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Should You Go to Trial or Accept a Boat Accident Settlement?

After being injured in a boating accident, the party at fault (or his or her insurance company) may contact you to offer a boat accident settlement. This settlement is intended to compensate you for your injuries. In exchange, you would agree not to sue the responsible party. But how can you know whether to accept a boating accident settlement or go to trial?

Types of Compensation in a Boating Accident

If you were injured in a boating accident that was someone else's fault, the law allows you to collect damages, or money to compensate you for your injuries. This money is designed to reimburse you for:

  • Past, present, and future medical bills for treatment related to your boating-accident injuries
  • The repair or replacement of your boat or any property that was damaged or destroyed in the accident
  • Lost wages for time off from work (including time spent going to doctor's appointments and physical therapy)
  • The cost of hiring someone to do household chores you're unable to do because of your injury
  • Permanent disability and disfigurement stemming from the boating accident injury
  • Emotional distress stemming from the boating accident
  • Any other costs you've incurred because of the accident

Before you discuss your injuries or settlement offers with the party at fault, or their insurance company, talk to a boating accident lawyer. An attorney with experience handling boating accidents can help you come up with a reasonable and fair estimate of the long-term cost of your accident-related injuries.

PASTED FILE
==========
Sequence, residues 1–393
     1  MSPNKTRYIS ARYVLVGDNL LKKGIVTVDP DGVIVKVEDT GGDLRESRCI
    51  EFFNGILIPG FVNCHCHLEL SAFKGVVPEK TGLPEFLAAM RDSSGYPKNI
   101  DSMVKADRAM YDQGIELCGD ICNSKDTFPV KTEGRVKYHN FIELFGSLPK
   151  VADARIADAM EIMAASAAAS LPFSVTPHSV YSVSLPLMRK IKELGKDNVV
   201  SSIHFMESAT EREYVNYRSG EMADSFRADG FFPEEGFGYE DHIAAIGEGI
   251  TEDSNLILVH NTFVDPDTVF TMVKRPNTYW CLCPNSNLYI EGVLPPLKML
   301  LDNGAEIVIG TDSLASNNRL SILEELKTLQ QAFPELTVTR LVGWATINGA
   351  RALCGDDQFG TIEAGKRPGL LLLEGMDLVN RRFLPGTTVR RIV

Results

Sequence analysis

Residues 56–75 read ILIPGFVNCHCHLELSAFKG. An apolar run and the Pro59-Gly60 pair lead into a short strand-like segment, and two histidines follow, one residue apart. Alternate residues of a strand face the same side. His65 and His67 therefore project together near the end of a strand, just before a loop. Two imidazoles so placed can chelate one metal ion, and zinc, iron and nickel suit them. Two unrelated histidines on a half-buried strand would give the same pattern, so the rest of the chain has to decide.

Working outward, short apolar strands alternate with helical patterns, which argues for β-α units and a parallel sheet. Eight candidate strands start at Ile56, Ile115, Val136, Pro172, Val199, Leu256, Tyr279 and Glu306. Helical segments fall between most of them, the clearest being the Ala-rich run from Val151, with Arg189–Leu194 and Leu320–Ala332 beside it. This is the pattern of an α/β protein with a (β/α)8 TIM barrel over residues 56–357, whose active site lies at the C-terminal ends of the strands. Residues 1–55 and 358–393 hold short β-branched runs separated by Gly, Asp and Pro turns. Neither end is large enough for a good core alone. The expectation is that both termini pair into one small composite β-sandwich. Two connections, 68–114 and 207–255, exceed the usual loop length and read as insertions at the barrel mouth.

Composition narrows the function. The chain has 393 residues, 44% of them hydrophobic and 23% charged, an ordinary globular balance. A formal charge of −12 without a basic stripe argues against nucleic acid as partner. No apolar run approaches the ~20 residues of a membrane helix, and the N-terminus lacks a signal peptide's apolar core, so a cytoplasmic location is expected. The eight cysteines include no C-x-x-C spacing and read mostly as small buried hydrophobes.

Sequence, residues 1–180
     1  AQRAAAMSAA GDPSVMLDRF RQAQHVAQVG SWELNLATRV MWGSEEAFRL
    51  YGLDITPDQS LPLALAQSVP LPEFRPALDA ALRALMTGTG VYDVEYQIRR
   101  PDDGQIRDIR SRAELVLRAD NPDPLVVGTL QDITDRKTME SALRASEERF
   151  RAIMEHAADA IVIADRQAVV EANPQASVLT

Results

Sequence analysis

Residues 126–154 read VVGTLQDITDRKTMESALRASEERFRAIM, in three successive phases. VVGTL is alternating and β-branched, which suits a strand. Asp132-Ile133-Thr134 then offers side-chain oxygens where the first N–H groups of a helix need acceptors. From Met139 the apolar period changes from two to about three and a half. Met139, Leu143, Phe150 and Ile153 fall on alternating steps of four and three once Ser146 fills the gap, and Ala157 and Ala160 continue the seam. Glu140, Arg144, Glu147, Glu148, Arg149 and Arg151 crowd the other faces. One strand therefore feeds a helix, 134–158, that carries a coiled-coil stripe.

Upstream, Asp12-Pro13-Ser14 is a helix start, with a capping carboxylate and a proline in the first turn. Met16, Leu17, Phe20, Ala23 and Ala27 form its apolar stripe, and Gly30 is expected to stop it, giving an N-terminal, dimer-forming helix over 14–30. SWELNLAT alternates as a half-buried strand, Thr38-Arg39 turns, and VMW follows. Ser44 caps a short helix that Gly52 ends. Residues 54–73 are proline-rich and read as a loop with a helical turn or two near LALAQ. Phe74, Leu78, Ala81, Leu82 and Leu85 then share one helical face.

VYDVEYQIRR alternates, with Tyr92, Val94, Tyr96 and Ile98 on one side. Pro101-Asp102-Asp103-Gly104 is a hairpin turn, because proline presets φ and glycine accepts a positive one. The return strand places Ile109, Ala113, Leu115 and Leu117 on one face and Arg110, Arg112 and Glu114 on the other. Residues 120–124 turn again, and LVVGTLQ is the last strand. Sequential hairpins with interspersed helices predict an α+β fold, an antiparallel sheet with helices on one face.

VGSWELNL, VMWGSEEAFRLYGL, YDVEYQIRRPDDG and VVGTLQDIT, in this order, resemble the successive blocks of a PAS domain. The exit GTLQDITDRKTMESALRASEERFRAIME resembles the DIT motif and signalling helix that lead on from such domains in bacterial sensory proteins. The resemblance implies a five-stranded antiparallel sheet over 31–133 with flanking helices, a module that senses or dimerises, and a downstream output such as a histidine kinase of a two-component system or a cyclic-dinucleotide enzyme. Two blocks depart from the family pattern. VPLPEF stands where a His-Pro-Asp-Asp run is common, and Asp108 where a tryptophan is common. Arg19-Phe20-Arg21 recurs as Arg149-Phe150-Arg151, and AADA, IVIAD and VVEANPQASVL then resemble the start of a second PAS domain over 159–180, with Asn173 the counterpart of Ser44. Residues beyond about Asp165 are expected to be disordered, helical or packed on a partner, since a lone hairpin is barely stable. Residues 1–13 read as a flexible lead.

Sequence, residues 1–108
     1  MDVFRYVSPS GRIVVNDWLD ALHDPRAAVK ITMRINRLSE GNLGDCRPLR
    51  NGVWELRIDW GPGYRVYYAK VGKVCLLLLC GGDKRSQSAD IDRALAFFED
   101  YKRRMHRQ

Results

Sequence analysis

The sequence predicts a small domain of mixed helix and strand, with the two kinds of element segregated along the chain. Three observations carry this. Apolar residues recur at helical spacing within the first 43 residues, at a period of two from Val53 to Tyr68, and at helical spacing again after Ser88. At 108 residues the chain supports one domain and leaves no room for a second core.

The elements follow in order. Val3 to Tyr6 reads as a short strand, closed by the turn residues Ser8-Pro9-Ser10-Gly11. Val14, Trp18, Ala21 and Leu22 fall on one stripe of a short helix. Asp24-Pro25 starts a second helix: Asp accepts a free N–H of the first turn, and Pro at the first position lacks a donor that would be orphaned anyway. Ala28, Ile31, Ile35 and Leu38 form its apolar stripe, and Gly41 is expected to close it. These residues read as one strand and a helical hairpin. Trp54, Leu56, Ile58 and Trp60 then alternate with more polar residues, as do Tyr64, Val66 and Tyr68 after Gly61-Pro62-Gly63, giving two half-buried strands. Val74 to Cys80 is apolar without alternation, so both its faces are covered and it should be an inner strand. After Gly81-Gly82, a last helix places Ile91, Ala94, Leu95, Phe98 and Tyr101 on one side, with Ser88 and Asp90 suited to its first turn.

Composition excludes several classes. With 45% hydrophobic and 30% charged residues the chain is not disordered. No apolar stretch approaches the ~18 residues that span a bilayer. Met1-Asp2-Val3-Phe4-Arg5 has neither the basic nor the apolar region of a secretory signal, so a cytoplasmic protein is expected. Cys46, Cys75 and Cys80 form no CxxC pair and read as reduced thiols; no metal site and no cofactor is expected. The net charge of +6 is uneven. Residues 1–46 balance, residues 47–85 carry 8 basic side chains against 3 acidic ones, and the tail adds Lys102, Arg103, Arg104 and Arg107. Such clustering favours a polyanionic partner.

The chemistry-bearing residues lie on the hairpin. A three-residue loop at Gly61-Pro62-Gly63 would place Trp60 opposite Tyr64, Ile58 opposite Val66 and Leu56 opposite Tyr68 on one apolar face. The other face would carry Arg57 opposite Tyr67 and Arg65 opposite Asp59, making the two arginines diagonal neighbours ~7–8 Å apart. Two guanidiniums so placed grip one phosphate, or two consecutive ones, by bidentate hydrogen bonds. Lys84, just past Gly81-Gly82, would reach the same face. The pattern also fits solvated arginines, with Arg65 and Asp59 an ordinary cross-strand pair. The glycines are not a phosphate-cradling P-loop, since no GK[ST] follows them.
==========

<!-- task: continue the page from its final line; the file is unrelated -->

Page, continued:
Evaluating a Boat Accident Settlement Offer

Your lawyer can help you negotiate a reasonable boat accident settlement and decide whether to accept the settlement or go to trial. It's important to remember that each choice has its pros and cons.

Accepting a Settlement

  • Pros: Resolves your case more quickly than if you went to trial; some or all of the settlement money is available immediately and can be used to pay accident-related bills; allows you to move on emotionally after the accident; may result in lower attorney's fees and expenses; allows the certainty of knowing how much money you'll receive; any agreement you reach with the other party can remain private
  • Cons: May have to accept a smaller financial award in exchange for quickly resolving your case; may not have the same emotional satisfaction of a court judgment in your favor

Going to Trial

  • Pros: There is a chance (but not a guarantee) you'll receive a much larger award than if you settled the case; may be more emotionally satisfying than a settlement if you win the case
  • Cons: There is no guarantee that you'll receive a larger financial award than if you settled your case (and no guarantee that you'll even win your case); may result in higher attorney's fees and expenses; the verdict and judgment will be publicly available; can take a year or more to resolve

Ultimately, it is your choice to settle your boating accident case, but you should at least consider your attorney's advice. An experienced boat accident attorney should be able to give you a fairly accurate estimate of how much your case could be worth if you go to trial and whether it makes more sense to settle or litigate.